US wins trade case over 'dolphin safe' tuna labeling

US wins trade case over 'dolphin safe' tuna labeling
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The United States on Thursday won a case at the World Trade Organization (WTO) in a long-running dispute over dolphin-safe tuna labeling requirements.

Two dispute panels found that the United States took all the necessary steps to change its tuna labeling measures to ensure that they are in line with WTO rules. 


"I am pleased that WTO panels have finally agreed with the overwhelming evidence that U.S. dolphin-safe labeling requirements are accurate and fair,” said U.S. Trade Representative Robert LighthizerRobert (Bob) Emmet LighthizerPelosi casts doubt on USMCA deal in 2019 Pelosi sounds hopeful on new NAFTA deal despite tensions with White House On The Money: Economy adds 164K jobs in July | Trump signs two-year budget deal, but border showdown looms | US, EU strike deal on beef exports MORE.

Since 2008, Mexico has challenged the labeling, saying the policies discriminated against their industry.

"The compliance panels found that modifications to the labeling measures adopted by the United States in 2016 either removed discriminatory treatment to Mexican tuna products or were justified as exceptions to WTO rules on the grounds they were necessary for the conservation of exhaustible natural resources," the panel report said. 

Mexico is appealing the ruling.

During the past nine years of the fight, several WTO panels have determined that some portions of U.S. dolphin-safe requirements were inconsistent with trade rules.

The decision will likely stave off retaliatory measures by Mexico. In May the WTO said Mexico could impose $163 million a year in countermeasures after the United States failed to comply with a previous WTO ruling in 2013.

"Mexico acknowledged during the arbitration proceedings that it would be required to terminate these retaliatory actions if the second round of compliance proceedings were to result in a determination that the 2016 labelling measure brought the US into compliance with its WTO obligations," the report said.

The United States has long argued that its labeling requirements do not discriminate against any country.

House Ways and Means Committee Chairman Kevin BradyKevin Patrick BradyLawmakers under pressure to pass benefits fix for military families How centrist Dems learned to stop worrying and love impeachment On The Money: Senate passes first spending package as shutdown looms | Treasury moves to roll back Obama rules on offshore tax deals | Trade deal talks manage to weather Trump impeachment storm MORE (R-Texas) called the decision a "huge victory for both the United States and the WTO dispute settlement system."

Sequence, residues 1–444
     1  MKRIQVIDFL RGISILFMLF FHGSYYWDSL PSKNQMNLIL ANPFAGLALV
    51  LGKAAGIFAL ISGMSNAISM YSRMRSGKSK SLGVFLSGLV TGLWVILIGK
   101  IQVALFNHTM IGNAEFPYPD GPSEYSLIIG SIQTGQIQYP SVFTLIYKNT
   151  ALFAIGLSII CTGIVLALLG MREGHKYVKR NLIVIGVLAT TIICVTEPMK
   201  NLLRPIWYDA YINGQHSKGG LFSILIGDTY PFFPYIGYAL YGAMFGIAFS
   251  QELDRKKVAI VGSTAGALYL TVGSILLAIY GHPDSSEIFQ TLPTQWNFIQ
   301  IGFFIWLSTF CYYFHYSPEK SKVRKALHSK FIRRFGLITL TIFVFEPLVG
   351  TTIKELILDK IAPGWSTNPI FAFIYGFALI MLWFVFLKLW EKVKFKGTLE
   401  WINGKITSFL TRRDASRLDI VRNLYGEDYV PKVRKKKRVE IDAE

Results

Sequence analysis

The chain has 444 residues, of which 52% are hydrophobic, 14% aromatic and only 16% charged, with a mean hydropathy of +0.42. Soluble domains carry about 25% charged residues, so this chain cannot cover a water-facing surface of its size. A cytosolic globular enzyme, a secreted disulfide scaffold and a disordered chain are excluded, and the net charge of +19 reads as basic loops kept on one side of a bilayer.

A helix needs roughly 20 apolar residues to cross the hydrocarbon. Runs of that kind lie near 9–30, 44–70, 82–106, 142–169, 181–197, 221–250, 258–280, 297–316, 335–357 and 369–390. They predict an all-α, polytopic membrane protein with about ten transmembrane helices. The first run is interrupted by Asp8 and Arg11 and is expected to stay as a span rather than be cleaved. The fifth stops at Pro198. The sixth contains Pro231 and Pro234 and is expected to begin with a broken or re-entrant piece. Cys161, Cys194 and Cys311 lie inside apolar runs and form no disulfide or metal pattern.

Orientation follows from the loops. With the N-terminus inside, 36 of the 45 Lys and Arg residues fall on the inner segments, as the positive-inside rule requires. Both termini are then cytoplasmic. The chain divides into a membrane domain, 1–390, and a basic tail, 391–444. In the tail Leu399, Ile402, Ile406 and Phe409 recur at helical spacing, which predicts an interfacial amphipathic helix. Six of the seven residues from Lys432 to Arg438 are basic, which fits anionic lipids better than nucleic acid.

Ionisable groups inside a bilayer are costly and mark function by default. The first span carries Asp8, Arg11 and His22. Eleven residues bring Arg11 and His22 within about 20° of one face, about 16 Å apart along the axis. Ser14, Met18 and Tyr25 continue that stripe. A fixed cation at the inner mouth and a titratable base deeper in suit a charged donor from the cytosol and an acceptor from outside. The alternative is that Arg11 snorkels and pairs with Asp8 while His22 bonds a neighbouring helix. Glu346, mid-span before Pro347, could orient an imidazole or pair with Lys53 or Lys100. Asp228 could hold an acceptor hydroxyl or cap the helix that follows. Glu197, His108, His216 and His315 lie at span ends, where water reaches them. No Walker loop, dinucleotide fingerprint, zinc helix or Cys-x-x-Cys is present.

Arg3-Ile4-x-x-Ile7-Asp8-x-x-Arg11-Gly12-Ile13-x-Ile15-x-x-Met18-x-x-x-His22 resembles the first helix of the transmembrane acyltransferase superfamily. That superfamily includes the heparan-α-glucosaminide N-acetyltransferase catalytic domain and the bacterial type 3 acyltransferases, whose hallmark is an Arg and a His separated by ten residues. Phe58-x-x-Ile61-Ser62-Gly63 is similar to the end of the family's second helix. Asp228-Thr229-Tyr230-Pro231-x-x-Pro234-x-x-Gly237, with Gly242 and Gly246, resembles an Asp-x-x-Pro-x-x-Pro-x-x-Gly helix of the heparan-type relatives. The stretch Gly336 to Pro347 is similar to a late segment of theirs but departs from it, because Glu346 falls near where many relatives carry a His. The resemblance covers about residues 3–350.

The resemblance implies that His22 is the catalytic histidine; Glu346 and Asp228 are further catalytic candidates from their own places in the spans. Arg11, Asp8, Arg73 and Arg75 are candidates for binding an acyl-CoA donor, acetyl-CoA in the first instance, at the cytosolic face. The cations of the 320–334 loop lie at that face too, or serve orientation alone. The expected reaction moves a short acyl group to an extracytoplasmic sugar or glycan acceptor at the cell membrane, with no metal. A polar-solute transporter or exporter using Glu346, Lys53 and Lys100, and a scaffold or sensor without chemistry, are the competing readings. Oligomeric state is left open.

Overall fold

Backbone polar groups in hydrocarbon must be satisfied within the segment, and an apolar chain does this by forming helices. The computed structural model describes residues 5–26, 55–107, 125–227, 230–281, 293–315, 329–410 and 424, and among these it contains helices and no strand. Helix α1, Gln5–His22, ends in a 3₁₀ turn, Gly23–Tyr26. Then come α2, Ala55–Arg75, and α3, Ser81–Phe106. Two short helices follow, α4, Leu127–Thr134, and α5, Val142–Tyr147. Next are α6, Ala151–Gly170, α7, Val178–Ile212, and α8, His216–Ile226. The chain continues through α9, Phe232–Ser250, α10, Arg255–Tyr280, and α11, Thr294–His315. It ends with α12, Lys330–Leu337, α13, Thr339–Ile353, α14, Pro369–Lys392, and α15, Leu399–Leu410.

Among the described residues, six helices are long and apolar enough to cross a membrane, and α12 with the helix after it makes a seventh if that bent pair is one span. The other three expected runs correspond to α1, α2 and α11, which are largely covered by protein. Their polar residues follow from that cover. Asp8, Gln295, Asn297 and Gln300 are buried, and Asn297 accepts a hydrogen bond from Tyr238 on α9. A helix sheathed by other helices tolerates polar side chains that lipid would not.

"The WTO has made clear — once and for all — that U.S. regulations protecting the lives of dolphins are consistent with our international obligations," Brady said. 

“While today’s ruling is a positive step, dolphin-saving policies should never have been challenged as a trade violation in the first place,” said Ben Beachy, director of the Sierra Club’s Responsible Trade Program.

"With Mexico appealing today’s ruling, we’re still not out of the woods," Beachy said.

The decision comes a day after President Trump, who has regularly criticized the WTO, told Fox News that the U.S. never wins cases. 

"The WTO is a political institution, so this ruling may be motivated by a sense of self-preservation, given that the administration has spotlighted how WTO tribunals order countries to gut domestic policies based on unaccountable tribunals making up new obligations to which countries never agreed,” said Lori Wallach, director of Public Citizen’s Global Trade Watch.

Public Citizen has called on the Trump administration and the Mexican government to include language in the North American Free Trade Agreement (NAFTA) affirming the U.S. labeling program to avoid any future disputes. 

"To make sure that the attack on dolphin-safe tuna ends once and for all, a formal and final settlement of the case safeguarding the policy must be part of NAFTA renegotiations,” Wallach said.